Jazz Blog

— 2013 — Jun 3

Joe Henderson at age 26

by Anton Schwartz

Fifty years ago today, a 26-year-old Joe Henderson recorded his debut album, Page One, for Blue Note Records. In addition to its stellar lineup and the fact that it debuts two songs that went on to become jazz mega-classics, Page One is notable in that it displays gorgeous facets of Joe’s playing that one doesn’t hear in his later years… [read more]

— 2013 — Mar 18

The Girl From Ipanema (at 50)

by Anton Schwartz

In praise of the song we all love to hate. [read more]

— 2013 — Mar 11

Studio Confessions

by Anton Schwartz

Like most jazz recordings, my CDs have stayed pretty true to the live-concert experience. But here’s a couple tricks we’ve played in the studio over the years that we couldn’t have pulled off live. Audio included [read more]

— 2013 — Mar 10

Understanding Sus Chords

by Anton Schwartz

I encounter a lot of musicians who know the definition of a sus chord but who struggle to understand sus chords as clearly as, say, minor or dominant chords. Perhaps this post will shed some helpful light. [read more]

— 2013 — Jan 11

A nameless ii-V cadence

by Anton Schwartz

A look at a cadence where a ii-V progression resolves not down a perfect fifth to the I chord, but up a half step. [read more]

— 2012 — Nov 30

An iTunes Tip for Musicians

by Anton Schwartz

An invaluable little tip if you’re a musician and you use iTunes on a Mac or PC. [read more]

— 2012 — Nov 27

Reverse Engineering Our Dominant Scales

by Anton Schwartz

Have you ever noticed that you can get a bunch of important jazz scales by assembling smaller half-scale “modules” in different combinations? Here’s a fresh way of visualizing some common dominant scales and how they’re “built.” [read more]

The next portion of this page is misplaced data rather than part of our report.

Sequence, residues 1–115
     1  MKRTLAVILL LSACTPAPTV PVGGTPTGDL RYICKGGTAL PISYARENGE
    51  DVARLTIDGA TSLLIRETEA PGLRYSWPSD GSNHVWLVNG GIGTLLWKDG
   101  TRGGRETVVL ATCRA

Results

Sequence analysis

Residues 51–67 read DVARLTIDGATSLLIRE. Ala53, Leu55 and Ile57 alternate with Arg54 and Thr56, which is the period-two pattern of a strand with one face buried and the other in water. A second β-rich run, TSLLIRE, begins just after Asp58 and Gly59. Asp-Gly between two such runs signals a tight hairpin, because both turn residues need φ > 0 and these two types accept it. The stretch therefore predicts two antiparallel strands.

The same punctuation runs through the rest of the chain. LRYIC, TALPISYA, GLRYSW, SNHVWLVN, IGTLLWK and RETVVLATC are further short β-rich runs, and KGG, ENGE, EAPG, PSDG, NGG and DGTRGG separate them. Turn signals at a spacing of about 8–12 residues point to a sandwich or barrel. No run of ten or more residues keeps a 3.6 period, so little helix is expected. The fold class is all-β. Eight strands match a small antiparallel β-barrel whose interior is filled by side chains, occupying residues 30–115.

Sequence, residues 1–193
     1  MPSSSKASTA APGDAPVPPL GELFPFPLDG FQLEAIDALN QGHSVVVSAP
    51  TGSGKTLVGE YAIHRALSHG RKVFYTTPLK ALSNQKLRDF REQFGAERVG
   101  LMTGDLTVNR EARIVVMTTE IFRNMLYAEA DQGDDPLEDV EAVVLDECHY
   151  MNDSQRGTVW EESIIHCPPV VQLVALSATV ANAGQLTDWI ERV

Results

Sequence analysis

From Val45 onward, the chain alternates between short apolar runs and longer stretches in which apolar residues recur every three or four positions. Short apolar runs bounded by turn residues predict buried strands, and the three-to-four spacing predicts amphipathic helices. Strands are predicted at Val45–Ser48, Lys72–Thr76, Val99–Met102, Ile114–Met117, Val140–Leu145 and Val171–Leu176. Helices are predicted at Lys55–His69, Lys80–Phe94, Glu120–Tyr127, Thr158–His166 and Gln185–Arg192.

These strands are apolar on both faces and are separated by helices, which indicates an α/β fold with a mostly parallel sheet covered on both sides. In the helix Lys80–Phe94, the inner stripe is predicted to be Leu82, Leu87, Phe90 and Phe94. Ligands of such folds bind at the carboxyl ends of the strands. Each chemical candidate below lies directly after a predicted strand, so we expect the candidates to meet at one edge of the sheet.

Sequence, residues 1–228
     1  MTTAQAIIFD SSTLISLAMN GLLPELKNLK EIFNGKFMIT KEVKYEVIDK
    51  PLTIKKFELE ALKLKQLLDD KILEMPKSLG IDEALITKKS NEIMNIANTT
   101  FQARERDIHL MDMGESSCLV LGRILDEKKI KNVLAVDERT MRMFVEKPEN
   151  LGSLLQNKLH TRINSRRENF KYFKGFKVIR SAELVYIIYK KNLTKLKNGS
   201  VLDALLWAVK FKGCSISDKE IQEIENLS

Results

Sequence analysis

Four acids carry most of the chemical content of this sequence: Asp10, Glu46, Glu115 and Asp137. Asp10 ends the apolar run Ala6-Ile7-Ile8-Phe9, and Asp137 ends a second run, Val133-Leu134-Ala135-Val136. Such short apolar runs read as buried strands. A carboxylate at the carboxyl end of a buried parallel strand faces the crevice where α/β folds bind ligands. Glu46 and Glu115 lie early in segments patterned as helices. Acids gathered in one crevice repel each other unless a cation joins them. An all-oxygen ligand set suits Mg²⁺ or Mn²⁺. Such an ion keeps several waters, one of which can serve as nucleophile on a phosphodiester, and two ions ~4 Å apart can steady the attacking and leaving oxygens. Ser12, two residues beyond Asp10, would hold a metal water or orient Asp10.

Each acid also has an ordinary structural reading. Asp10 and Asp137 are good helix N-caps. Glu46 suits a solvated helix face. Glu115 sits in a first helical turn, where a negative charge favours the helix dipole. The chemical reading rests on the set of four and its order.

— 2012 — Nov 25

Harmonic Brightness & Darkness

by Anton Schwartz

Minor chords are often described as “dark,” major chords as “bright.” In this post I propose a technical definition of musical darkness and brightness that I’ve found very useful for thinking about musical harmony. [read more]

— 2012 — Jul 26

Transcribing Jazz Solos

by Anton Schwartz

Most jazz musicians recognize the enormous value of transcribing solos, but relatively few go about it in a way that lets them milk that value. This post contains many pointers, as well as a step by step example. [read more]

— 2012 — Jul 11

Loft Concerts in Oakland & Seattle

by Anton Schwartz

For years I’ve put on concerts at my loft space in Oakland, California, collaborating with great Bay Area players and touring players passing through town. The concerts are intimate performances with a party vibe before & after. Recently I’ve started them up in Seattle, Washington as well. [read more]

— 2012 — Jul 10

How to Think about Scale Modes

by Anton Schwartz

How often have we heard this? Teacher: Do you know what the C lydian scale is? Student: That’s the same as the G major scale, right? It’s useful to know that a C lydian scale has the same notes as a G major scale. But I find it much more useful to know that a […] [read more]

— 2012 — Apr 16

Harmonic Intervals from Polyrhythms

by Anton Schwartz

Here’s a beautiful audio/video demonstration of a simple acoustic principle which relates the perfect fifth harmonic interval to a 3:2 polyrhythm. [read more]

— 2012 — Feb 27

Blues in Disguise?

by Anton Schwartz